As a result of stringent regulatory measures, the retail outlet failure rate, which measures the percentage of fuel stations selling low-quality or adulterated products, has reduced drastically from 32 percent in 2013 to 2.51 percent as at August 2021, the Chief Executive of the National Petroleum Authority (NPA), Dr. Mustapha Abdul-Hamid, has disclosed.
Among the key strategies the authority adopted to achieve the reduction are the revision of operating procedures in the importation, exportation, and production of fuels by Petroleum Service Providers (PSPs), and the introduction of the Petroleum Product Marking Scheme (PPMS) and Bulk Road Vehicle (BRV) tracking system to ensure that products are devoid of adulteration and meet the required specification along the supply chain.
“We are poised to wipe out these 2.51 percent culprits still cheating petroleum consumers. This is why we are here today, to tell consumers to report to the NPA anytime there is suspicion of the purchase of contaminated fuel. There are laws that provide punitive sanctions such as fines, imprisonment, or both for the perpetrators of these fuel quality crimes,” he said.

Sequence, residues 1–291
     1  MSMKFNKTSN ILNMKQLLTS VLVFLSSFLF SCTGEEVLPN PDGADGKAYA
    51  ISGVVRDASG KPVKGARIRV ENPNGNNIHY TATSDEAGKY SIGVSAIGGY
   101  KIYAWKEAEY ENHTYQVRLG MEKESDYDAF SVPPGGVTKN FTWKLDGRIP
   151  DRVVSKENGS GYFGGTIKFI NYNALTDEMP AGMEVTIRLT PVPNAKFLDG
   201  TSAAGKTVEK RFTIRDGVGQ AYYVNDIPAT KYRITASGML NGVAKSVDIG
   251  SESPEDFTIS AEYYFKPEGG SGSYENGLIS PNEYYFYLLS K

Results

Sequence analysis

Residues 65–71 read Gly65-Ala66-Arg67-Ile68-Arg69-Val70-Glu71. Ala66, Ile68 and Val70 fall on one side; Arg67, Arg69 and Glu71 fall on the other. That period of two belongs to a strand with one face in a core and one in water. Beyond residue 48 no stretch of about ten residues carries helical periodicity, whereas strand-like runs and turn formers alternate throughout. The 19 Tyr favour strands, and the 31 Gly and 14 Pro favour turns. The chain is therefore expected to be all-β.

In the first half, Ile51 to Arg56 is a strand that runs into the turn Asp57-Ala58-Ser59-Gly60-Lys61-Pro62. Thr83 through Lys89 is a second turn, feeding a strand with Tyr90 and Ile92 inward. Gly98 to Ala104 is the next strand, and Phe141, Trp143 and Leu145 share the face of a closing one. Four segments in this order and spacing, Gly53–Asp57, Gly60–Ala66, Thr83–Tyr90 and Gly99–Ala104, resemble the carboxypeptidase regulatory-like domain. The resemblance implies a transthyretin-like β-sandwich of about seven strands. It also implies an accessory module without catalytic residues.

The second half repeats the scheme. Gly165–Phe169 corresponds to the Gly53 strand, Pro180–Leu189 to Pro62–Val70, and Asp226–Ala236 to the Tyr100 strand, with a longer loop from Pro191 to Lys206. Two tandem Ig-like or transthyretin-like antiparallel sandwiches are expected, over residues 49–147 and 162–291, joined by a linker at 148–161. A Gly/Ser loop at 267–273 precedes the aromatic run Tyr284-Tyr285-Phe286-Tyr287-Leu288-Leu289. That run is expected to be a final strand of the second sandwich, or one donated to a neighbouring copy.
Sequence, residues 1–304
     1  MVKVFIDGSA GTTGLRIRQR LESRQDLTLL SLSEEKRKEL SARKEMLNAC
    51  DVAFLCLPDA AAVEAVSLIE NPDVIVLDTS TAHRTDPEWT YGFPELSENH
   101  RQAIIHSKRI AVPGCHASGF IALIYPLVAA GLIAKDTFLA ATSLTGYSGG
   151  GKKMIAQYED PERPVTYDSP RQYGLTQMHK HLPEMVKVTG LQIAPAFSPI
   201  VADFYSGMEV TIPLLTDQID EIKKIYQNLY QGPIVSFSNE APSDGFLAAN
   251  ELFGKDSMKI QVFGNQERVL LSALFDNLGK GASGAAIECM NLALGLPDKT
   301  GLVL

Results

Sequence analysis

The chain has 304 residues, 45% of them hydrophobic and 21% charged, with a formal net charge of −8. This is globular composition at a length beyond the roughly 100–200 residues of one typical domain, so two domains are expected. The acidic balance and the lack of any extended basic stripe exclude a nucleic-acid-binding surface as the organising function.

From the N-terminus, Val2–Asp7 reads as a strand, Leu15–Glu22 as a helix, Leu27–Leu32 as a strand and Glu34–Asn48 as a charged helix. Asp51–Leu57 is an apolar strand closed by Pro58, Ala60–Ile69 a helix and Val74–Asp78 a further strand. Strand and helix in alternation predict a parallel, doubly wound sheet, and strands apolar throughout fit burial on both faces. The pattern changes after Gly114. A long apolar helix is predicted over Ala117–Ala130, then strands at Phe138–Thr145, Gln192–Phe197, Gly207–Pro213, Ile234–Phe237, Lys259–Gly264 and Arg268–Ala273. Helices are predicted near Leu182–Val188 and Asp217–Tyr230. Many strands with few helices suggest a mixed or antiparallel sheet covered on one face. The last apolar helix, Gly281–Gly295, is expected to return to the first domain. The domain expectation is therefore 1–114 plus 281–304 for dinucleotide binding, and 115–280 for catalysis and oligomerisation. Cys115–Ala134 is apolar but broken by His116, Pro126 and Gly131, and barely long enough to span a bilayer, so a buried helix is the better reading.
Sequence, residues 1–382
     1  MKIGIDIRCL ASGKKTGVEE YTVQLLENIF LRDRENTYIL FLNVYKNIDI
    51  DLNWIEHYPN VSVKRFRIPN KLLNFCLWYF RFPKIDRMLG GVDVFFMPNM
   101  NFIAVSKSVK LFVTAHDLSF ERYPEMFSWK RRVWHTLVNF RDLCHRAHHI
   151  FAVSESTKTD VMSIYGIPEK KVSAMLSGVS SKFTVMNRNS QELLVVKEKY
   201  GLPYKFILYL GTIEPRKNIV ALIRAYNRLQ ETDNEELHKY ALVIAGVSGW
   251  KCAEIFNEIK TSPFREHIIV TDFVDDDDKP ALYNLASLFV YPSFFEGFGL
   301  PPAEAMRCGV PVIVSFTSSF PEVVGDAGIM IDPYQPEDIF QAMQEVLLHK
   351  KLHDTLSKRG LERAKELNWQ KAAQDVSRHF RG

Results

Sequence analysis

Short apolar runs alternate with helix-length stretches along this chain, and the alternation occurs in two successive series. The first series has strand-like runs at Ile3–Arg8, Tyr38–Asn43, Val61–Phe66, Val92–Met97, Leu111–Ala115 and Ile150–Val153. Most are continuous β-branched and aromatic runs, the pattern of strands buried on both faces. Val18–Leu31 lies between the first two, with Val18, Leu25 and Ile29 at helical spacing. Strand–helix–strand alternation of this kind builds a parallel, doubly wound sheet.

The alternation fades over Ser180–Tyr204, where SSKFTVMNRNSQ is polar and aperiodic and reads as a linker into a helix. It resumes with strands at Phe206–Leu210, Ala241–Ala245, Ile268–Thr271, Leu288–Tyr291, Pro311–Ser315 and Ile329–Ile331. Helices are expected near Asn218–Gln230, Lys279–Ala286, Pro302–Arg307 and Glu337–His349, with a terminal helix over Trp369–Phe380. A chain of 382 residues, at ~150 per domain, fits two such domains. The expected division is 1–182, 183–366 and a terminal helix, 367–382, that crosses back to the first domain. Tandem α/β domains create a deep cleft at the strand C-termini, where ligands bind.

Dr. Abdul-Hamid was addressing stakeholders at this year’s Consumer Week Celebration, which was held under the theme “Adulterated fuels: A menace to the consumer and the economy”, at Ho in the Volta Region.
Dr. Abdul-Hamid said petroleum service providers that indulge in fuel adulteration deprive consumers of value for money and also cause damage to the engines of vehicles and machinery. According to him, fuel adulteration increases emission of harmful compounds like carbon dioxide that affect air quality and the environment.
The effects, he added, affect the health of the workforce, harm the reputation of a fuel retailer’s brand, and cost government millions of cedis in revenue each year.
According to him, in a bid to tackle the problem of petroleum product adulteration, innovative strategies have been adopted, primarily aimed at improving upon the quality of petroleum products to ensure fuel supplied at final dispensing outlets is of the right quality specification to consumers.
The Minister of Energy, Dr. Matthew Opoku Prempeh, in a speech read on his behalf urged consumers of petroleum products to desist from buying from tabletop sellers.
“To our drivers here who like to buy fuel from our tabletop dealers—what is known to be ‘gao-gao’ in this municipality—probably because it’s cheaper than what’s sold at the filling station, please note that you are rather damaging your car engines and you will spend more to fix your cars at the mechanic shop than buying the quality products from the fuel stations,” he cautioned.